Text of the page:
- Many Flash Briefing "skills" either suck eggs or are not frequently updated. There is quite a bit of trial and error finding the good ones. I'll show you mine, which could expedite.
First, here are screen shots with my Flash Briefing and the exact order of each skill:
Some comments on my order:
- Weather you may not want, as that's an easy skill to consumer separately
- I bunched a few general news briefings at the top. I sometimes skip through these using the "skip" command if I am up to speed on news. The final news briefings at the end of the Flash Briefing are there in case I have time - they are longer segments (usually five - seven minutes each).
- After the first news briefings, the best tech news briefings follow. These are all relatively short (2-5 minutes), and address multiple short news items. They are all original content, recorded for Alexa/short podcast. They are updated almost daily (some take the weekends off)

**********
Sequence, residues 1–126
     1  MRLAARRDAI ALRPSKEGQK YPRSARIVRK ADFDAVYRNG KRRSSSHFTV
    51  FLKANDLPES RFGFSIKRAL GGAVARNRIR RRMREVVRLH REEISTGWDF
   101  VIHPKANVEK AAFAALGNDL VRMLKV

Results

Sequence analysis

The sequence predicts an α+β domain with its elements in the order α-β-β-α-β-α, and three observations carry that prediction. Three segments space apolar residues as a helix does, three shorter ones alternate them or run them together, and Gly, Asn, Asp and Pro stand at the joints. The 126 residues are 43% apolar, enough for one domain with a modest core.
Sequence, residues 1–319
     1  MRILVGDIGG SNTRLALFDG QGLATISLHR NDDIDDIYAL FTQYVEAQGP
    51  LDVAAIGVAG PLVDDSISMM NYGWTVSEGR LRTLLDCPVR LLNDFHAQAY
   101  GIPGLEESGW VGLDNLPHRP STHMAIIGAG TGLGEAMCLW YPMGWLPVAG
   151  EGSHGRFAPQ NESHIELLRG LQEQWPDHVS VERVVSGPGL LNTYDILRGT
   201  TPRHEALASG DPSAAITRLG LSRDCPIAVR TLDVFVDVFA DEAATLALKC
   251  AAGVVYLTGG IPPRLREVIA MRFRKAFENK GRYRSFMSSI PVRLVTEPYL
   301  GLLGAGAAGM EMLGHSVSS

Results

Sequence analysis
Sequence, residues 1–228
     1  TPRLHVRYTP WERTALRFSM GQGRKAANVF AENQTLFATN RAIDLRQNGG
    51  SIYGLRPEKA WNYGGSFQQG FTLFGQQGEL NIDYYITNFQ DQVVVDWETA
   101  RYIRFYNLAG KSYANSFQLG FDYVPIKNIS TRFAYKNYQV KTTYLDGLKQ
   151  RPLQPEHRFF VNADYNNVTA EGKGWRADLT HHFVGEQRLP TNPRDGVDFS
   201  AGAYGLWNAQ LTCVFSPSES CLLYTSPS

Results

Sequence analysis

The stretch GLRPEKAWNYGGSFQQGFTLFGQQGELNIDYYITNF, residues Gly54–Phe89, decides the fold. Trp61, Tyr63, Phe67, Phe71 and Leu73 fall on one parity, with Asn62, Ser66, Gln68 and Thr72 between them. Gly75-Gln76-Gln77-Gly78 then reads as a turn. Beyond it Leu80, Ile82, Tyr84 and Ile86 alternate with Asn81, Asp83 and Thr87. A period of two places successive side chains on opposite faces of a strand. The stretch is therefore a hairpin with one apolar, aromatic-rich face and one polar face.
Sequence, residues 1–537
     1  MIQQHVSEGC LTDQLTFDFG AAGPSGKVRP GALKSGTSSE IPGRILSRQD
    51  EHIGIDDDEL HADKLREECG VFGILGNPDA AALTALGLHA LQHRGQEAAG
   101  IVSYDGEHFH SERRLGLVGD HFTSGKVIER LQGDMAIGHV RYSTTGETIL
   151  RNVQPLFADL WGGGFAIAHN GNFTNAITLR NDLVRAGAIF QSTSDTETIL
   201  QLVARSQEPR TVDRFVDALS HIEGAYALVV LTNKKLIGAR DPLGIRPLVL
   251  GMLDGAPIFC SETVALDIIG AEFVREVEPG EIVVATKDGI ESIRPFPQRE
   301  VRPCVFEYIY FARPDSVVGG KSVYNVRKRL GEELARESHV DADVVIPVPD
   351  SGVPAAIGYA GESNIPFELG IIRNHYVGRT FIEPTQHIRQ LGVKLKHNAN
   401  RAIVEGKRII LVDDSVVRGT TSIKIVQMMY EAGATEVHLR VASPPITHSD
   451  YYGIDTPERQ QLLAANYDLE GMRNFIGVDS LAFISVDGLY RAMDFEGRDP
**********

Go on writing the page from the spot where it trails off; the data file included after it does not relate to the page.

Not all "skills" are created equal. Producers can either record their own or have Alexa read their RSS feeds. You might hate the RSS reads. I don't find them as useful, but further down I have a few, including "Next Web", "Cybersecurity News," and "Econoday."
The "skip" command will be your friend, especially as not all briefings are updated every day. Alexa claims it doesn't repeat updates you've already listened to, but that's not always the case. Sometimes you'll need to use "skip" multiple times go get through a single skill (Econoday does this, and it's a bit tedious). On the phone app, you won't use the audio "skip" command but the forward and back arrows.